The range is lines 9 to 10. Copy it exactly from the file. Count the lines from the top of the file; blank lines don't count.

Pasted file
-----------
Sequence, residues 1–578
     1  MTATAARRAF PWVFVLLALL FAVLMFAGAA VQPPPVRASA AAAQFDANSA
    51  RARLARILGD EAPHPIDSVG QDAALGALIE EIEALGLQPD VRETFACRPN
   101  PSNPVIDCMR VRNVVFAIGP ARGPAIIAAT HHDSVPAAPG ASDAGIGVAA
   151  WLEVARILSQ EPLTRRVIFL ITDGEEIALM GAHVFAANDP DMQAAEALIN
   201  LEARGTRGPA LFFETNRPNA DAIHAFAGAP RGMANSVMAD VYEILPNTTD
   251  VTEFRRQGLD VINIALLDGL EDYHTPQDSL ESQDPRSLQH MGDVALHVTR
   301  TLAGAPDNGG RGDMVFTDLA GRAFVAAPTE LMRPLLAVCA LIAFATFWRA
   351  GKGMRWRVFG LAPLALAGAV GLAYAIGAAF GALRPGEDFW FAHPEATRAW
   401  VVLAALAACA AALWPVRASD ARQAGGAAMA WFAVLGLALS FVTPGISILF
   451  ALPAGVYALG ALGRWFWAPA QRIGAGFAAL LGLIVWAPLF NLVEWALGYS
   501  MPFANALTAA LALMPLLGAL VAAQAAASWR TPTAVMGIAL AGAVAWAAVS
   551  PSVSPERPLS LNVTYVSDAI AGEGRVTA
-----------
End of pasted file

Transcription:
   351  GKGMRWRVFG LAPLALAGAV GLAYAIGAAF GALRPGEDFW FAHPEATRAW
   401  VVLAALAACA AALWPVRASD ARQAGGAAMA WFAVLGLALS FVTPGISILF